Academic journal article Anglican and Episcopal History

Faith on the Avenue: Religion on a City Street

Academic journal article Anglican and Episcopal History

Faith on the Avenue: Religion on a City Street

Article excerpt

Faith on the Avenue: Religion on a City Street. By Katie Day. (New York: Oxford University Press, 2014, pp. xiv, 247. $31.95.)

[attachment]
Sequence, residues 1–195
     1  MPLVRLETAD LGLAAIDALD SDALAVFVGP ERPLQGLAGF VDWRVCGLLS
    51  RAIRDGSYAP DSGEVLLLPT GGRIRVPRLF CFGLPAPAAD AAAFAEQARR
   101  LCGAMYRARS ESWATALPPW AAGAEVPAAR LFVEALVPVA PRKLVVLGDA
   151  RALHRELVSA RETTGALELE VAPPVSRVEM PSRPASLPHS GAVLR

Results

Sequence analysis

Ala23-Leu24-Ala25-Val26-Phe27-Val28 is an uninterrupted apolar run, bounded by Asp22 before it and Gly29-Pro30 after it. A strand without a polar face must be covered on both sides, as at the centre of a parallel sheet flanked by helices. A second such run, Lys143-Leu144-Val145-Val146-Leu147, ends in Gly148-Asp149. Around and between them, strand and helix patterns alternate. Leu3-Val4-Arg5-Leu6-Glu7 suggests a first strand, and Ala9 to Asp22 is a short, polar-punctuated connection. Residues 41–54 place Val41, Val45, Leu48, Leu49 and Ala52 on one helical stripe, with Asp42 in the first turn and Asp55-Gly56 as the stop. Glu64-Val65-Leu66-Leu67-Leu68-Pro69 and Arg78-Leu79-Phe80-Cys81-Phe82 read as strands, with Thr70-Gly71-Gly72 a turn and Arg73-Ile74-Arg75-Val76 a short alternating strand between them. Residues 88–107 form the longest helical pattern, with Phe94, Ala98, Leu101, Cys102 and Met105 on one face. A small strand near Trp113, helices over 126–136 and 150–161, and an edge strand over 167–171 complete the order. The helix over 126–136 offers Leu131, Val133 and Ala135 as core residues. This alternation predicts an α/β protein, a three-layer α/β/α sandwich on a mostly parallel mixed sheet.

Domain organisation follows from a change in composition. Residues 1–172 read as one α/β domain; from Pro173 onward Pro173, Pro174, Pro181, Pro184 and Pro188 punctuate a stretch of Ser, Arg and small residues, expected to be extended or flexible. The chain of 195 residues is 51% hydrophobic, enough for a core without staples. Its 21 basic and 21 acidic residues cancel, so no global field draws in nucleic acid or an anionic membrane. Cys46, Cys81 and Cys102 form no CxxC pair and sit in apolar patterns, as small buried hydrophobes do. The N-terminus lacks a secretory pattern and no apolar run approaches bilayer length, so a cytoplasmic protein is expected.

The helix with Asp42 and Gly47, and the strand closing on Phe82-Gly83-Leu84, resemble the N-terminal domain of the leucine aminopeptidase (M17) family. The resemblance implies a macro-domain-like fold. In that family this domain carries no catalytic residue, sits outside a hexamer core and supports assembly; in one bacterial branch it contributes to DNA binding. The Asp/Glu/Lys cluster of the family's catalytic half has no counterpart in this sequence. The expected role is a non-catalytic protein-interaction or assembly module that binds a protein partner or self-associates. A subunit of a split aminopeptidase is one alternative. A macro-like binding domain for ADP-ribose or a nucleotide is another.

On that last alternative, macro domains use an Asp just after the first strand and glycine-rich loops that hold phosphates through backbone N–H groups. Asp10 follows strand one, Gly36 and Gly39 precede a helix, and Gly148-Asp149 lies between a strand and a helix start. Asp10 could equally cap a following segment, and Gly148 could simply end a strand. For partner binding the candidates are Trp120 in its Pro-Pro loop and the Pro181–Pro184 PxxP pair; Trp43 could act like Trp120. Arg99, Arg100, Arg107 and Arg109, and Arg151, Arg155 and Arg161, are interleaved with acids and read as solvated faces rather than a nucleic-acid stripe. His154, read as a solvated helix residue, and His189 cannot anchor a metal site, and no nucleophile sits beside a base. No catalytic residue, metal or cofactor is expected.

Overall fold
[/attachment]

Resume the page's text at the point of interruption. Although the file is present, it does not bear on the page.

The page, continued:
Once upon a time, some of the grander Episcopal churches in Manhattan were known as "avenue" churches, because their locations on the broad avenues allegedly signified their relative prominence over churches located on the narrower side streets. Katie Day, a professor of church and society at the Lutheran Theological Seminary in Philadelphia, shows how place matters to a congregation as well as faith: how a worshipping community affects and is affected by its location. The location Day selected was Germantown Avenue, a venerable street that runs 8.5 miles from the northwest boundary of Philadelphia almost to the Delaware River. When the study began in 2004, eighty-three congregations were identified; fourteen are discussed in detail in the book. No Roman Catholic churches or conventional Jewish synagogues happen to be located on the avenue (although there are some nearby), so these faiths are not included. Three types of churches are described. First, there are "historic" churches like the mother churches of two denominations, the Mennonites (1690) and the Brethren (1723) that are still found on the avenue. Day calls the second type "hermit crabs," because they are occupied by different denominations than the ones that built them; one building that began as a Presbyterian church is now home to a predominantly African-American congregation that preaches the "prosperity gospel." The third group of congregations are "recyclers," such as one congregation that made an abandoned furniture factory into a church. The last group is plentiful; thirty percent of the churches in the study were independent black congregations that met in formerly commercial buildings. The black and white photos by Edd Conboy, while somewhat grainy because of the printing process, effectively evoke the different types of churches. …

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